Copper is an essential trace element that can donate an electron in oxidative-reduction reactions, and is vital for a number of enzymes:
– Cytochrome c oxidase allows mitochondria to create the energy molecule ATP, needed for synthesis of myelin sheaths.
– Lysly oxidase for proper collagen and elastin in heart, blood vessels, bone, and connective tissue.
– Ceruloplasmin (ferroxidase) enzymes involved in iron transport by transferrin to form red blood cells.
– Dopamine-beta-mono-oxygenase converts dopamine to norepinephrine (neurotransmitters)
– Monoamine oxidase (MAO) is important in the breakdown of serotonin and metabolism of neurotransmitters
– Tyrosinase is important for the formation of melanin, which is what gives our skin pigment.
– Superoxide dismutase (SOD) acts as an important anti-oxidant, converting super-oxide free radicals to hydrogen peroxide. SOD may also be involved in transcription of specific genes affecting the ability to make certain proteins.
Copper status seems to be linked with both iron and zinc status. It seems that one needs adequate copper for normal iron transport to the bone marrow and red blood cell production. High iron in formula results in less copper absorption. High zinc supplementation increases intestinal metallothionein, which due to its high affinity for copper will result in less copper being absorbed.
SYMPTOMS OF DEFICIENCY
Classic copper deficiency has been found in those with anemia that did not respond to being given more iron and then would respond to taking a supplement of copper. Since cows milk has less copper than human milk, this would be more common in formula fed infants, premature infants, and those with intestinal issues that might reduce the absorption of nutrients.
Other reported symptoms of copper deficiency include; neutropenia (low white blood cells) with increased risks of infections, loss of pigmentation, neurological symptoms, osteoporosis, and impaired growth.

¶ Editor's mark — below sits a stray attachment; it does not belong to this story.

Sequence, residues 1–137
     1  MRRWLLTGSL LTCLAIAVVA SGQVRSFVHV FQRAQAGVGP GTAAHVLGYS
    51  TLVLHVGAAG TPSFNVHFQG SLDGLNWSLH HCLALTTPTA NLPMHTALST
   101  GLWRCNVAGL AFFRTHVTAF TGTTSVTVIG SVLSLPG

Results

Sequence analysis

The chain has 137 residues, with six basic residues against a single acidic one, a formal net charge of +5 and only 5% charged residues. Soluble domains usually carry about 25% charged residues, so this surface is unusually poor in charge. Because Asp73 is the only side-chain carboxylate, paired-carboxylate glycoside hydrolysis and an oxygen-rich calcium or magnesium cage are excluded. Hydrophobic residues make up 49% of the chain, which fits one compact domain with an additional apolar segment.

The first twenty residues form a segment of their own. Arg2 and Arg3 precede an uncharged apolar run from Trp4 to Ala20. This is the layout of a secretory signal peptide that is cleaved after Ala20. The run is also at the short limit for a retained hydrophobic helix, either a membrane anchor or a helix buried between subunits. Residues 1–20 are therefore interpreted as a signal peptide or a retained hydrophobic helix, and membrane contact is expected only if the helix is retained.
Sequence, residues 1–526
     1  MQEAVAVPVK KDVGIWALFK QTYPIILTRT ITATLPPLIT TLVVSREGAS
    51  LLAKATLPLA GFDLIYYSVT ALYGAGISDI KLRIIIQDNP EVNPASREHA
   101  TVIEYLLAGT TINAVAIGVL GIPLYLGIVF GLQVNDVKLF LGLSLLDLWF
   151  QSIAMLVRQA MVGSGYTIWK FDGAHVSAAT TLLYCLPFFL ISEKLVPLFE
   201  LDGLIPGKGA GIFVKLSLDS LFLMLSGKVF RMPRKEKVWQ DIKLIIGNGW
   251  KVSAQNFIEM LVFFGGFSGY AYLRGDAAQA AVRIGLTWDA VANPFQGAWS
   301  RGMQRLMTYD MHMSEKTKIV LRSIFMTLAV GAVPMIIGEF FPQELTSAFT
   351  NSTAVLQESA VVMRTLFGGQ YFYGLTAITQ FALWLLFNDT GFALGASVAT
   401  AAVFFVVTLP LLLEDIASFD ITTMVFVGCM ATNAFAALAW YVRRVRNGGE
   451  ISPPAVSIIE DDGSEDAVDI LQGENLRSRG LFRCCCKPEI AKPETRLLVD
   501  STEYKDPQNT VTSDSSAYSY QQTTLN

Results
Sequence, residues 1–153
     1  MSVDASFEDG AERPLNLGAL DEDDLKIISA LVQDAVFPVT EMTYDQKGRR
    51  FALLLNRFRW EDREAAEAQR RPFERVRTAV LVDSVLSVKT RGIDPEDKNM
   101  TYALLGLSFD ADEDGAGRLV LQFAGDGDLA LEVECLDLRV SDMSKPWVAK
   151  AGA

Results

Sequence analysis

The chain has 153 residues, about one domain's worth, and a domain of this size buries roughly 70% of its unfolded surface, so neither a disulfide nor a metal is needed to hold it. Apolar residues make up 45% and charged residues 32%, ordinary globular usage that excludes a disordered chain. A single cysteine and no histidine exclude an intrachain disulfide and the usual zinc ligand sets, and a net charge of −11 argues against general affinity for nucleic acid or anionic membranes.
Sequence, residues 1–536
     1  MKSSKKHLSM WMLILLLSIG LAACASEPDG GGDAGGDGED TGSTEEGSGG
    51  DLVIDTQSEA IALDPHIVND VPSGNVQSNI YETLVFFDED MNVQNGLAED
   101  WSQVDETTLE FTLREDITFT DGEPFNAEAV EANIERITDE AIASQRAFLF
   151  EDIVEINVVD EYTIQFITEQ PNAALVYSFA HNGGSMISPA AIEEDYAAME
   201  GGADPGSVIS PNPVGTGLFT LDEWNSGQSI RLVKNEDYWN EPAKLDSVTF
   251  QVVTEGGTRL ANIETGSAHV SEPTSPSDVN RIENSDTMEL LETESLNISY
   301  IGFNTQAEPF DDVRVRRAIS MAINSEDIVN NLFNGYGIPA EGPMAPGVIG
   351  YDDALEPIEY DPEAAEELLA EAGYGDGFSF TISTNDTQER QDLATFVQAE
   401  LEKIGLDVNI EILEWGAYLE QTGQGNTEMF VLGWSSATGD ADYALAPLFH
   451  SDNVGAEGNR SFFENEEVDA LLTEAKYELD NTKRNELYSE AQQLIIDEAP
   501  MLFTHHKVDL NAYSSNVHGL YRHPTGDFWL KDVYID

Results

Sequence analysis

Liver, shellfish, nuts, and seeds are the best sources for copper. Wheat bran and whole grains or fortified cereals also will have some copper.
Beef liver (1 oz) 1265
Shellfish (3oz) 585-670
Cashews (1oz) 629
Hazelnuts (1oz) 496
Sunflower seeds (1oz) 519
Lentils (1 cup cooked) 497
Almonds (1oz) 332
Peanut butter (2 TBS) 165
SAFETY AND TOXICITY
Toxicity is rare unless you drink from contaminated water on an ongoing basis (safe maximum water copper levels set at 1.3 mg/L). Individuals with genetic disorders affecting copper metabolism are also at risk (Wilson’s disease, Indian childhood cirrhosis, idiopathic copper toxicity). Acute toxicity can include nausea, vomiting, diarrhea, abdominal pain, and in serious cases, liver or kidney damage, or even coma and death.
TOLERABLE UPPER LIMITS
Infants not known
Children 1-3 1000
Children 4-8 3000
Children 9-13 5000
Copper deficiency is difficult to assess either clinically or from just a serum blood level. Spectracell micronutrient testing (www.spectracell.com) can provide an assessment of your micronutrient status inside the white blood cells, a good indication of status over the past 3 – 6 months.
Here are some links that you may be interested in: